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Spotlight: The Phytoremediation Research Project at GCU


By Neal Adam, PhD
Faculty, College of Science, Engineering and Technology  

The Institute for Environmental Sustainability is a Research and Design Program (RDP) that was established by Grand Canyon University’s College of Science, Engineering and Technology to give students and faculty the opportunity to research and address environmental problems, using cross-disciplinary approaches. Dr. Randhir Deo is the administrative principle investigator (PI) for this program.

There are several research topics initiated in this program:

  • Bioremediation, Measurement and Meta-Analysis of Environmental Contaminants
  • Nanostructures for Electrochemical Sensing
  • Comparison of Volatile Organic Compounds in Interior and Exterior Air
  • Microbial Source Tracking at Papago Park
  • Effects of Recreational Activities on Papago Park and the Tonto National Forest
  • Environmental Attitude and Environmental Behavior of Visitors Towards Papago Park
  • Effects of Recreational Activities on the Soil of Papago Park and the Tonto National Forest

Dr. Deo and I are co-PIs for the Bioremediation, Measurement and Meta-Analysis of Environmental Contaminants research group. I will refer to this as phytoremediation research. Dr. Berenise Charlton and Dr. Andrej Sodoma are also involved in this research project.

The phytoremediation research project is intended to assess the effect of environmental contaminants on plant growth. We will also investigate the potential for using plants to remove the contaminants from the growth medium. Several types of plants will be grown using hydroponics in order to more clearly analyze these interactions.

So far the students have focused on literature searches for journal articles on pharmaceuticals in the environment and are in the process of analyzing and grouping those.  Two student researchers, Sarina Harris and Christina Mortensen, gave a presentation of their literature findings to our group just before summer and some of our investigations will build on that information.

We plan to begin with assessment of the effects of salinity on plant growth. Hydroponics units will be established, each with a different concentration of salt. Plant growth parameters in each of those will be measured to understand the effects of increasing salinity on plant growth.  Student researchers will gain experience in growing the plants, various measures of plant growth and plant health, plant sample preparation and salinity measures. They will be encouraged to implement their ideas in a variety of areas, including plant measurements. The plant sample preps and measurements will be useful in the next phase of the project. Analysis of the data will be a valuable portion of the project, providing experience with datasets, regression techniques and other statistical tests.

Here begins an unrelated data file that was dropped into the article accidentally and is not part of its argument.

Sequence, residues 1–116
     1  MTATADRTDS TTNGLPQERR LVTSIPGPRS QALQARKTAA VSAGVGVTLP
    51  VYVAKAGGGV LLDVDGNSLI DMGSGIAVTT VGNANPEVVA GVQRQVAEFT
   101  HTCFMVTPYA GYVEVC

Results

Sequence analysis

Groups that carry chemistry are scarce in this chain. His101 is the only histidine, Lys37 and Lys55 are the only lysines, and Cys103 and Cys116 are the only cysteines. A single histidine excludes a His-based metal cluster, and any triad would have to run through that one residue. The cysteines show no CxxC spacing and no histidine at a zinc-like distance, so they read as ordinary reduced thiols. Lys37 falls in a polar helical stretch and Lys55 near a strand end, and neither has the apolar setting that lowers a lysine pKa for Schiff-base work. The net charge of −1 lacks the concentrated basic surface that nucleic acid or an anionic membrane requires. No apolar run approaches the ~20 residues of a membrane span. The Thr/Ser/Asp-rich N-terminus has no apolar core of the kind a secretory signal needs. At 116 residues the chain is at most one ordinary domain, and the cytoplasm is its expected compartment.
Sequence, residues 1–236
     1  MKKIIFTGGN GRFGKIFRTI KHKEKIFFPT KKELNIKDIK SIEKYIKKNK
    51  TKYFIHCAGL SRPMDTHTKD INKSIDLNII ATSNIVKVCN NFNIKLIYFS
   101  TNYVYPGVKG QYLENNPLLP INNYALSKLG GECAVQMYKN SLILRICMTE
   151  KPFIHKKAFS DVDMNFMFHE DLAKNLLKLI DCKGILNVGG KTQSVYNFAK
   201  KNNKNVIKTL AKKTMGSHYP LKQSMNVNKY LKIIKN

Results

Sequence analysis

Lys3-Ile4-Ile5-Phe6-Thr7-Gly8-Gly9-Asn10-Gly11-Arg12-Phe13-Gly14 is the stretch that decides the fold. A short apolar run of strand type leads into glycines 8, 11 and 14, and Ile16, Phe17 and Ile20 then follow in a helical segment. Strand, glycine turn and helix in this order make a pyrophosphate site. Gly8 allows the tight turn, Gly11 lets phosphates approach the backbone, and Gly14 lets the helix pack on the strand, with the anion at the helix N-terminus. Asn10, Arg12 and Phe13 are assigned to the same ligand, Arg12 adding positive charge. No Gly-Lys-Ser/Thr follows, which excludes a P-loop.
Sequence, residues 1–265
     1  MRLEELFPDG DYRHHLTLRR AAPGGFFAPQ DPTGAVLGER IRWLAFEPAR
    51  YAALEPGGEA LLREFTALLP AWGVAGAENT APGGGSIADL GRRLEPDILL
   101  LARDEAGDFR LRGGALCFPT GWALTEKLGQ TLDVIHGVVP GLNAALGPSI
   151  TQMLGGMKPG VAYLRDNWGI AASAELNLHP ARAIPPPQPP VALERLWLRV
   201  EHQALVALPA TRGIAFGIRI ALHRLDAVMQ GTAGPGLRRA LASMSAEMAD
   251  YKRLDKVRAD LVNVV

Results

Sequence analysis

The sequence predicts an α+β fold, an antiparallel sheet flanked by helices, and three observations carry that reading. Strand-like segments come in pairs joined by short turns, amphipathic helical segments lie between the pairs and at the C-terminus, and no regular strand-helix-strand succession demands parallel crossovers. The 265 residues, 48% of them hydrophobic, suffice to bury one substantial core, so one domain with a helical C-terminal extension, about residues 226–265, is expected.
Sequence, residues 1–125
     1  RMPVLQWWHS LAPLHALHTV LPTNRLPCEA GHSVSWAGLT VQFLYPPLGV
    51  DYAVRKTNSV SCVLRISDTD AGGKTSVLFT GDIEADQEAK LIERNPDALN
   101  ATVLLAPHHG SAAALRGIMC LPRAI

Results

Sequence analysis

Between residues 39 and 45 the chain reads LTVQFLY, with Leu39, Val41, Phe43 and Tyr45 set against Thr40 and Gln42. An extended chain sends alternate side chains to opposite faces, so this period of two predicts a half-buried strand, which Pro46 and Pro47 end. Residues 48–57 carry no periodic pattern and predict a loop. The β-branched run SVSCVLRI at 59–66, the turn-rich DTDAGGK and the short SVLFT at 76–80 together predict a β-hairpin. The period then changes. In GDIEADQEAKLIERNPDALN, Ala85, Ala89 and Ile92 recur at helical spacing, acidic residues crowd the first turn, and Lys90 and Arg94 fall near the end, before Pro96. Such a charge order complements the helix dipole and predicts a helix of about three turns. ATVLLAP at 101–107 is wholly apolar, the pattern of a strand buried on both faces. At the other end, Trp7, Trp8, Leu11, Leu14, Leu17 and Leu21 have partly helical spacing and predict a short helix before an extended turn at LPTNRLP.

Researchers will then bring those experiences to the pharmaceutical portion of the project.  Plants will be tested in a similar fashion, but assessing the plant responses to representative pharmaceuticals that are found as contaminants in built and natural water environments. We will also explore the potential for plants to remove those pharmaceuticals from soils treated with biosolids. Additional analyses and instrumentation will be required for this, so student researchers will gain experiences in those areas. They will be encouraged to work with all faculty involved in the project to gain a greater range of experiences.

I am looking forward to working with our research students. They have shown interest and ability, as well as patience, and I’m expecting to see some very good work from them.

Grand Canyon University’s College of Science, Engineering and Technology supports excellence across all of our academic disciplines. To learn more, visit our website or contact us today using the Request More Information button.

About Neal Adam, PhD
Faculty, College of Science, Engineering and Technology

Neal Adam grew up on a farm in Nebraska and continued in the agricultural field. He received his Bachelor of Science in 1985 from Kansas State University and his Master of Science from University of Nebraska-Lincoln in 1989. His PhD research was completed in 1996 at Kansas State University in global change biology. After the PhD, he had several postdoctoral research appointments with the USDA-ARS. The emphasis in his PhD research, as well as on the first three postdoctoral research appointments, was on responses of photosynthesis and photosynthetic enzymes to elevated atmospheric CO2 levels in the global change program. The last postdoctoral appointment focused on photosynthetic, germination and growth limitations of native industrial crops. Research methodology included gas exchange measurements, leaf collection techniques, assay of enzymes using radioactive isotopes, gel electrophoresis, ecological/field applications, micrometeorology techniques and analysis, germination studies and design and assembly of research equipment. Neal is a father of three girls and enjoys spending time with them and embarrassing them (which isn’t difficult).

Read more about Neal.